Male C57BL/6J mice were divided into four groups: normal-fat diet, high-fat diet, a high-fat diet supplemented with intraperitoneal injection of (500 mg or 2,000 mg/kg/day) Godex for 8 weeks. Computed tomography, indirect calorimetry, and histological analyses including electron microscopy of the liver were performed, and biochemical profiles and oral glucose tolerance test and insulin tolerance test were undertaken. Expressions of genes in the lipid and glucose metabolism, activities of oxidative phosphorylation enzymes, carnitine acetyltransferase, pyruvate dehydrogenase, and acetyl-coenzyme A (CoA)/CoA ratio were evaluated.
Godex improved insulin sensitivity and significantly decreased fasting plasma glucose, homeostatic model assessment for insulin resistance, steatosis, and gluconeogenesis, with a marked increase in fatty acid oxidation as well as better use of glucose in high-fat diet-fed mice. It preserved mitochondrial function and ultrastructure, restored oxidative phosphorylation enzyme activities, decreased acetyl-CoA/CoA ratio, and increased carnitine acetyltransferase content and pyruvate dehydrogenase activity. Carnitine acetyltransferase knockdown partially reversed the effects of Godex in liver and in vitro.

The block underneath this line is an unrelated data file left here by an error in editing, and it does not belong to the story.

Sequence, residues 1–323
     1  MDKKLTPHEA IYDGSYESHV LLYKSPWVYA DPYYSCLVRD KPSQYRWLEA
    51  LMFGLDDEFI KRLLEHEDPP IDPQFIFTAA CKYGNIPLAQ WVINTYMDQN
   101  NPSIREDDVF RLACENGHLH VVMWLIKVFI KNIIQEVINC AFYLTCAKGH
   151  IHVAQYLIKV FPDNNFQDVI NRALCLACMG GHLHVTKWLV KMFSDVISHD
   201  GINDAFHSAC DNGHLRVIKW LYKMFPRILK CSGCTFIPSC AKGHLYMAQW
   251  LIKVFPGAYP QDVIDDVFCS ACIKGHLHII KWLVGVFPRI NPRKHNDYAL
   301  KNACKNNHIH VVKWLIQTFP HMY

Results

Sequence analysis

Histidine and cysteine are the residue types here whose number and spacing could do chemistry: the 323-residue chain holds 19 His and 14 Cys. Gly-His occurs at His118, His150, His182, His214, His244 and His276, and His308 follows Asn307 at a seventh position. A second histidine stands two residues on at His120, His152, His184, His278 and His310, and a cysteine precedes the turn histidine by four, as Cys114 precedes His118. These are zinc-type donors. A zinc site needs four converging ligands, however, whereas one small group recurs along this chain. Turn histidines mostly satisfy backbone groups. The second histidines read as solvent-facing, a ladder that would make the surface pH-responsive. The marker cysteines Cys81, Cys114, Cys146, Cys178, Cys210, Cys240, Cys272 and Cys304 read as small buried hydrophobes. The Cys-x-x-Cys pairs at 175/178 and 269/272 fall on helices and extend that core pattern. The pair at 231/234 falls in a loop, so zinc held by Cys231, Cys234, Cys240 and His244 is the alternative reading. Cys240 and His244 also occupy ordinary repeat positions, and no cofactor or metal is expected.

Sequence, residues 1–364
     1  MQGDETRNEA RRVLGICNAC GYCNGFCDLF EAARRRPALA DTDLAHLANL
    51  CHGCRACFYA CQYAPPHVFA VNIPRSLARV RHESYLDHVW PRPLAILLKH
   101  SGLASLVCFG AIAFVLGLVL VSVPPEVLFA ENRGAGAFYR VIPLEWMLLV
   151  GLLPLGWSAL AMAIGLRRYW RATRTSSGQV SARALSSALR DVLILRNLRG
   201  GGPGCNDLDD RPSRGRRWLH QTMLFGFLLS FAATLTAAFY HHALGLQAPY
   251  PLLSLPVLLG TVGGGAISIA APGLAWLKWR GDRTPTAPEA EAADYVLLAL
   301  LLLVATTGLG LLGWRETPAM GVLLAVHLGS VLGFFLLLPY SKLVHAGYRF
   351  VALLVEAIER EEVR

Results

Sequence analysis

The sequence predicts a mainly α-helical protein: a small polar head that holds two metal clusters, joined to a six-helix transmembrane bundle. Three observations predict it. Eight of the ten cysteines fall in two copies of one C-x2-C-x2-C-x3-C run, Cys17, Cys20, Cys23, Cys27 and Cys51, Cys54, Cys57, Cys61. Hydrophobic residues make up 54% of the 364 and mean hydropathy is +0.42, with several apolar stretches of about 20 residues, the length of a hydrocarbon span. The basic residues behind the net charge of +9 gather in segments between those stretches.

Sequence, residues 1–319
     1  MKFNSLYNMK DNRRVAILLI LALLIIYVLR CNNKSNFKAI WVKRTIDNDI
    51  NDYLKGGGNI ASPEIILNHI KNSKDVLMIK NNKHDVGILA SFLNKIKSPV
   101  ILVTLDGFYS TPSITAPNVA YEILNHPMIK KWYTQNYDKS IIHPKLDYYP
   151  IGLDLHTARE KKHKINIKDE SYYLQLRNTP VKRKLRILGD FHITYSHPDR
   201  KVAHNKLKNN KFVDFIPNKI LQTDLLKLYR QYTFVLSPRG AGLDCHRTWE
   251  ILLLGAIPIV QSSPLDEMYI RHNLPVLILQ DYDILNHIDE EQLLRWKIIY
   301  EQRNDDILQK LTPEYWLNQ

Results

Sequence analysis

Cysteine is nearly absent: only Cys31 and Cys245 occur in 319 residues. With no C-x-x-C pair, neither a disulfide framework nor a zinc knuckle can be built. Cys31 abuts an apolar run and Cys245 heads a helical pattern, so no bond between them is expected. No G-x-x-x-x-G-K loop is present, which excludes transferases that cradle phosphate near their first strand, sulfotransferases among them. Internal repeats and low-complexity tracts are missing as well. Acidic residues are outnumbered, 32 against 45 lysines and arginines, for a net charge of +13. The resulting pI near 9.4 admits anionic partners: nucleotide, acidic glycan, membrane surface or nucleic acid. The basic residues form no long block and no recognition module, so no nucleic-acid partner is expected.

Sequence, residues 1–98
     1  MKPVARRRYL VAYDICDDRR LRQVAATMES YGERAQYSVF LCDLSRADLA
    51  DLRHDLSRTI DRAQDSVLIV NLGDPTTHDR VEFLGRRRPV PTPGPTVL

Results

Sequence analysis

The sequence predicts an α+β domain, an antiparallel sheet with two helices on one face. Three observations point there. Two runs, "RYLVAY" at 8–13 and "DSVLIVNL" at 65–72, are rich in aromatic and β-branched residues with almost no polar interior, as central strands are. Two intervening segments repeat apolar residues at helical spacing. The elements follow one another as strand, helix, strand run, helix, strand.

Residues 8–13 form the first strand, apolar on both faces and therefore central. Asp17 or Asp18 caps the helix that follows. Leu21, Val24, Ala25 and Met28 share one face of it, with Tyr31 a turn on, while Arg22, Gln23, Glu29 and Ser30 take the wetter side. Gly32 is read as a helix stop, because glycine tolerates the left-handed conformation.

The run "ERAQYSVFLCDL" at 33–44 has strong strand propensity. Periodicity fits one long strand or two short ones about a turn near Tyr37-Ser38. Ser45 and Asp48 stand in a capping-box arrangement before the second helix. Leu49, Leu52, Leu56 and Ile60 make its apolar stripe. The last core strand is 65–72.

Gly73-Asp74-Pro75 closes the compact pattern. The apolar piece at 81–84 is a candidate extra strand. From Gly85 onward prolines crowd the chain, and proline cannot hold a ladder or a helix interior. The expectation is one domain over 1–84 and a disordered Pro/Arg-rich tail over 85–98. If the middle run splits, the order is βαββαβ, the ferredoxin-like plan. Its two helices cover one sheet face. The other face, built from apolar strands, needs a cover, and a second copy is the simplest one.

Godex improved insulin resistance and steatosis by regulating carnitine acetyltransferase in liver in high-fat diet-fed mice.


Citations to this article as recorded by  
  • Impact of l-Carnitine Supplementation on Liver Enzyme Normalization in Patients with Chronic Liver Disease: A Meta-Analysis of Randomized Trials
    Hyunwoo Oh, Chan Hyuk Park, Dae Won Jun
    Journal of Personalized Medicine.2022; 12(7): 1053.     CrossRef
  • Prolonged Use of Carnitine-Orotate Complex (Godex®) Is Associated with Improved Mortality: A Nationwide Cohort Study
    Kye-Yeung Park, Sangmo Hong, Kyung-Soo Kim, Kyungdo Han, Cheol-Young Park
    Journal of Personalized Medicine.2022; 12(12): 1970.     CrossRef
  • The Role of Carnitine Orotate Complex in Fatty Liver
    Hyon-Seung Yi
    Diabetes & Metabolism Journal.2021; 45(6): 866.     CrossRef
Basic Research
Article image
The Effects of Exercise and Restriction of Sugar-Sweetened Beverages on Muscle Function and Autophagy Regulation in High-Fat High-Sucrose-Fed Obesity Mice
Didi Zhang, Ji Hyun Lee, Hyung Eun Shin, Seong Eun Kwak, Jun Hyun Bae, Liang Tang, Wook Song
Diabetes Metab J. 2021;45(5):773-786.   Published online March 25, 2021
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  • 255 Download